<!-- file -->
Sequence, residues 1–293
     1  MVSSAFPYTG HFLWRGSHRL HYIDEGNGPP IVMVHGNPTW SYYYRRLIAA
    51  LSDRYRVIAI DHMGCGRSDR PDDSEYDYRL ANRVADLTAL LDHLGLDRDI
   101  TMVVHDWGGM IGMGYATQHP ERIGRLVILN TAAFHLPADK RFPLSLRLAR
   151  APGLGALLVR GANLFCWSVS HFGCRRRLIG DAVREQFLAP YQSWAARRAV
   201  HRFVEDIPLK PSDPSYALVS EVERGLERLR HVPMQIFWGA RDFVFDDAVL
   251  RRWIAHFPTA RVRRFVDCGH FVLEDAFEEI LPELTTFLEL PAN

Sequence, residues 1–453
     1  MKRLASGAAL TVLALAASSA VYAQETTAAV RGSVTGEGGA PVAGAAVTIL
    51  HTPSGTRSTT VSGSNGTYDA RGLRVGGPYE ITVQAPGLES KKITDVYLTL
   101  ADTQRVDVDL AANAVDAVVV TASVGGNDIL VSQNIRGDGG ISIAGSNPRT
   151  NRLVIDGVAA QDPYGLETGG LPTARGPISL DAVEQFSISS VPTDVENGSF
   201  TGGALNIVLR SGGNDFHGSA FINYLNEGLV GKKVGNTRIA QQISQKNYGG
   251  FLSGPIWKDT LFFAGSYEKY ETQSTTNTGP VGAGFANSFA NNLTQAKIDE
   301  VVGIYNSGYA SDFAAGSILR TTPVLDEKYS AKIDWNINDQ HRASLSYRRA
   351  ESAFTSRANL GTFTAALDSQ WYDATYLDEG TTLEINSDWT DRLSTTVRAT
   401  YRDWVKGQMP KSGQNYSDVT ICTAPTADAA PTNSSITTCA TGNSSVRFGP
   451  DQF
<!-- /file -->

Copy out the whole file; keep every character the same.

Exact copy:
Sequence, residues 1–293
     1  MVSSAFPYTG HFLWRGSHRL HYIDEGNGPP IVMVHGNPTW SYYYRRLIAA
    51  LSDRYRVIAI DHMGCGRSDR PDDSEYDYRL ANRVADLTAL LDHLGLDRDI
   101  TMVVHDWGGM IGMGYATQHP ERIGRLVILN TAAFHLPADK RFPLSLRLAR
   151  APGLGALLVR GANLFCWSVS HFGCRRRLIG DAVREQFLAP YQSWAARRAV
   201  HRFVEDIPLK PSDPSYALVS EVERGLERLR HVPMQIFWGA RDFVFDDAVL
   251  RRWIAHFPTA RVRRFVDCGH FVLEDAFEEI LPELTTFLEL PAN

Sequence, residues 1–453
     1  MKRLASGAAL TVLALAASSA VYAQETTAAV RGSVTGEGGA PVAGAAVTIL
    51  HTPSGTRSTT VSGSNGTYDA RGLRVGGPYE ITVQAPGLES KKITDVYLTL
   101  ADTQRVDVDL AANAVDAVVV TASVGGNDIL VSQNIRGDGG ISIAGSNPRT
   151  NRLVIDGVAA QDPYGLETGG LPTARGPISL DAVEQFSISS VPTDVENGSF
   201  TGGALNIVLR SGGNDFHGSA FINYLNEGLV GKKVGNTRIA QQISQKNYGG
   251  FLSGPIWKDT LFFAGSYEKY ETQSTTNTGP VGAGFANSFA NNLTQAKIDE
   301  VVGIYNSGYA SDFAAGSILR TTPVLDEKYS AKIDWNINDQ HRASLSYRRA
   351  ESAFTSRANL GTFTAALDSQ WYDATYLDEG TTLEINSDWT DRLSTTVRAT
   401  YRDWVKGQMP KSGQNYSDVT ICTAPTADAA PTNSSITTCA TGNSSVRFGP
   451  DQF